Wishing ease to you, both as a result of the conscious effort to allow it into your life, and also unbidden, unasked for, just like that.

    admin Reply:

    Unbidden, unasked for, just like that … oh, yes. That’s what I want. And for you, too. xox

  2. Posted January 27, 2016 at 10:18 am | Permalink

    I love this post – partly because I believe that the words/concepts we choose (or that choose us) aren’t always easy. I’m struggling with mine, too, in some ways.

    I also have deep Puritan roots and it can be hard to let myself off the hook for anything. These words are so honest and wise. Thanks, Lindsey.

    admin Reply:

    Indeed. Not always easy. You have gumption though, of that I’m sure. xoxo

  3. Posted January 27, 2016 at 10:19 am | Permalink

    I totally relate with that struggle. I chose “Lighten up” this year because for a long time I thought fun things were worthless because, you know, serious equals meaningful equals worthy. I believe these assumptions are wired into you during childhood and are very difficult to change. Please let us know what step you’re taking to change that, because I too am looking for ways. Being aware of it, it the first step, indeed. What’s next?

    admin Reply:

    I honestly do not know what’s next. Open to suggestions!!! xoxo

  4. Sally
    Posted January 27, 2016 at 11:25 am | Permalink

    Wow. I just read your piece on PPD for the first time, and it resonated with me deeply; so much of your experience as you described it was so very similar to my own experience with early motherhood. I suppose all I can express is a huge amount of GRATITUDE to you for sharing your experience so openly. There are many, many of us out there who had difficult and/or unexpected starts to motherhood. Your brave words are a reminder that we are not alone. Thank you!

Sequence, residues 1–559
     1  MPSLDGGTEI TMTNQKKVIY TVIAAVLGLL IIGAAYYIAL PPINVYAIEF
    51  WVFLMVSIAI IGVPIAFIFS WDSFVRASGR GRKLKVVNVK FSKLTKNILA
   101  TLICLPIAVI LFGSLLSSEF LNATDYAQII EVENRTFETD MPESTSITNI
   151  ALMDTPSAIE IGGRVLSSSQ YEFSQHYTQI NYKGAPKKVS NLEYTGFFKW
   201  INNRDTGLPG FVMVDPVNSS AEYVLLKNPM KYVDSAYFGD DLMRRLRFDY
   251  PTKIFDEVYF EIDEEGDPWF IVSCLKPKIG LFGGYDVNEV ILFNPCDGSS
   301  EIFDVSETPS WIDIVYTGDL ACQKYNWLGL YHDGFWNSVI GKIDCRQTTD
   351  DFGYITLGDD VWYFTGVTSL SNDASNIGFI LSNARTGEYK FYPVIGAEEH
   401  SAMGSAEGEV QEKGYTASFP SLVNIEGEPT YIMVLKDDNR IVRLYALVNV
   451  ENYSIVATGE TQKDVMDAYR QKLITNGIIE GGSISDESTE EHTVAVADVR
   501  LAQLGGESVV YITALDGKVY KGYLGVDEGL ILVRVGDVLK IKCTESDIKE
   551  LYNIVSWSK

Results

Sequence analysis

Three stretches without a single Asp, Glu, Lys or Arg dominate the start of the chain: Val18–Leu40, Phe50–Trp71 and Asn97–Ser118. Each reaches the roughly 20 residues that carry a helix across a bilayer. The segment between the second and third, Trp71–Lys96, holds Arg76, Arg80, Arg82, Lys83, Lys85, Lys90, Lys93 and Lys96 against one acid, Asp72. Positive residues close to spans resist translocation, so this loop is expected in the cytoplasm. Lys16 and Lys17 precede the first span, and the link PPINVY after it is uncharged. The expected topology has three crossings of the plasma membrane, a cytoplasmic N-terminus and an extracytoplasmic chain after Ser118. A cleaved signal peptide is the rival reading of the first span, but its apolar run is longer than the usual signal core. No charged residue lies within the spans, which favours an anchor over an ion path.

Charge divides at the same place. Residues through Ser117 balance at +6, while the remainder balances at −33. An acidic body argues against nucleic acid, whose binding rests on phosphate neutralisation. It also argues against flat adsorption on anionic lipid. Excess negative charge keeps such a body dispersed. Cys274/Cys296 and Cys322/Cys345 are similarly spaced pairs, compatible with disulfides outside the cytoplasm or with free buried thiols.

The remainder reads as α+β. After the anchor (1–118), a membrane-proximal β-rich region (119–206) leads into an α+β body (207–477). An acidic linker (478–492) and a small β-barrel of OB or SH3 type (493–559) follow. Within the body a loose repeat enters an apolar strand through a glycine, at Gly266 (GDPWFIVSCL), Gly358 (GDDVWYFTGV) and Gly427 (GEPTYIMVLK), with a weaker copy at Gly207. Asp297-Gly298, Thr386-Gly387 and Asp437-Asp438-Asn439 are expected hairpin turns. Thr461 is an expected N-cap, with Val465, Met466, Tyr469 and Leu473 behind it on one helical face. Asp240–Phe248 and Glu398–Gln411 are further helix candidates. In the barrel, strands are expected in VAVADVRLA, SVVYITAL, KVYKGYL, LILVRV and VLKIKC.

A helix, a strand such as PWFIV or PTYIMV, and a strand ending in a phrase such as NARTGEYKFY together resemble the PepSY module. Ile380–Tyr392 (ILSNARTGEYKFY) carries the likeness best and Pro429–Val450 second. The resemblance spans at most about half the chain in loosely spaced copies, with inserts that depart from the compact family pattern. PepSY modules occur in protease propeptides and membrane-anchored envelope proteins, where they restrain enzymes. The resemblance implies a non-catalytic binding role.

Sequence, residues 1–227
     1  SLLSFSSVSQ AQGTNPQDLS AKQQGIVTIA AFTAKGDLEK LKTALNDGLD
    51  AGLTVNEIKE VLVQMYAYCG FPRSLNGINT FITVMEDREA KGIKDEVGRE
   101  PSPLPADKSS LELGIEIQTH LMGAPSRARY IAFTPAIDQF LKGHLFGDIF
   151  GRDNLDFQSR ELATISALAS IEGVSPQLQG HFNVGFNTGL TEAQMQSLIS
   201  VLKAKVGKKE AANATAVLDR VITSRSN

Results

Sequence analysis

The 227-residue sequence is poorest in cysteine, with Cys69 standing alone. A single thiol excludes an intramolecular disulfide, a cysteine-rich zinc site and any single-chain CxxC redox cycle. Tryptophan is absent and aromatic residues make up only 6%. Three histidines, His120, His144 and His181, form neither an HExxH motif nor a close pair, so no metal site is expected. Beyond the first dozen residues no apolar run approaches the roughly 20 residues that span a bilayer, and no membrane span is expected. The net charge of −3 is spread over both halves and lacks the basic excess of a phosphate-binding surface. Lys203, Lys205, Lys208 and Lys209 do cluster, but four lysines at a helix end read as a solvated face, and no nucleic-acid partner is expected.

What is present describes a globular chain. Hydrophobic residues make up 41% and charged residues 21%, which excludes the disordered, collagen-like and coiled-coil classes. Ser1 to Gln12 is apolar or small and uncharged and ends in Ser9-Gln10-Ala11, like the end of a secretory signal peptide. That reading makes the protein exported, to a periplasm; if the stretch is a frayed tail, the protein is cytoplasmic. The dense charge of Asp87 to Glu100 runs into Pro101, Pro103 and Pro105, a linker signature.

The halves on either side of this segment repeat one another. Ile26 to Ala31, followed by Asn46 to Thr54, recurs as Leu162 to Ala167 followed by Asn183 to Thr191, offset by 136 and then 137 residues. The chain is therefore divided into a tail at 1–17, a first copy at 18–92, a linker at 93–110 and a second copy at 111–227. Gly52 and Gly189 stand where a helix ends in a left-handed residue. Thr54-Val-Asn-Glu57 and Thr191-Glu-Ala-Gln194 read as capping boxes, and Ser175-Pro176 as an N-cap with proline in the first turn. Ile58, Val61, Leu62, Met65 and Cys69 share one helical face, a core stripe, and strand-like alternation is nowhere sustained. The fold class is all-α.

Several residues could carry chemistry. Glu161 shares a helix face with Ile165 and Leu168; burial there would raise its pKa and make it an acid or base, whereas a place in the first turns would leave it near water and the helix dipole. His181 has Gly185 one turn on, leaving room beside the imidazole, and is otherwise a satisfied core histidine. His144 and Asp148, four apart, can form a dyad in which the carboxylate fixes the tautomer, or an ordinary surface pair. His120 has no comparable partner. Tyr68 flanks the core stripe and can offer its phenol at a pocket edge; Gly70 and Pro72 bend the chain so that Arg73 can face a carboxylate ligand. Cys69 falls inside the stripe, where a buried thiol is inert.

5. Allie
    Posted January 27, 2016 at 11:39 am | Permalink

    Thank you Lindsey. This piece really resonated with me. I recently realized that I’ve spent much of my life working on overcoming my weaknesses instead of relishing my strengths. I took my strengths for granted, because they were easy for me and I assumed they were easy for everyone. Recognizing this dogged focus on being “better” was a turning point–because suddenly I realized, particularly professionally, that I had gotten really good at things I didn’t like. I’m now turning toward the ease, toward my strengths and it’s giving me an energy and flow previously foreign to me. I applaud you in you journey–pursuing ease is not what we are taught to do. I hope you continue to find moments of gratitude in those easy moments.

  6. ssullivan
    Posted January 27, 2016 at 12:31 pm | Permalink

    Such a thoughtful post. I was so intrigued by your word choice as I say this word every night as part of a variation of a Sharon Salzberg lovingkindness meditation that I use to fall asleep: ” “May you be safe, may you be healthy, may you be happy, may you feel loved and cared for, may you live with ease…”

  7. Sarah
    Posted January 27, 2016 at 12:51 pm | Permalink